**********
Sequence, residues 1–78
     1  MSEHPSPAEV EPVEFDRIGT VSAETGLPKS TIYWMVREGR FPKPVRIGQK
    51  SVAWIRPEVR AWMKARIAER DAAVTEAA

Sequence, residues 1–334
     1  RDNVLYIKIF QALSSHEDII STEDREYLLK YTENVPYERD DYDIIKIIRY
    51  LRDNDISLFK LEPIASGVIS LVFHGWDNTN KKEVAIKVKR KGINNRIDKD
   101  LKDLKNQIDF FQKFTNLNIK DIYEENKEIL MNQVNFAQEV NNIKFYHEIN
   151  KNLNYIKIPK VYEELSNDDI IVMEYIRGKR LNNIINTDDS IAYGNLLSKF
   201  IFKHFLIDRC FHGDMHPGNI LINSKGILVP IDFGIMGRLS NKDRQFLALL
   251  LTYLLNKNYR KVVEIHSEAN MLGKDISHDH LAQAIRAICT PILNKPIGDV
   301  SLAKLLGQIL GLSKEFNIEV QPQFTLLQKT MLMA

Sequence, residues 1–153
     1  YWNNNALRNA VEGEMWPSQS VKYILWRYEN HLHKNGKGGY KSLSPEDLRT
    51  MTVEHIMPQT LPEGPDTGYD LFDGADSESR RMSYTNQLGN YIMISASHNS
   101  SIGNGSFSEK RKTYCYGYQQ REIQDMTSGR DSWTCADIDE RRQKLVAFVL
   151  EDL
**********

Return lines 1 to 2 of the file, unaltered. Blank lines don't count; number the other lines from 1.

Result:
Sequence, residues 1–78
     1  MSEHPSPAEV EPVEFDRIGT VSAETGLPKS TIYWMVREGR FPKPVRIGQK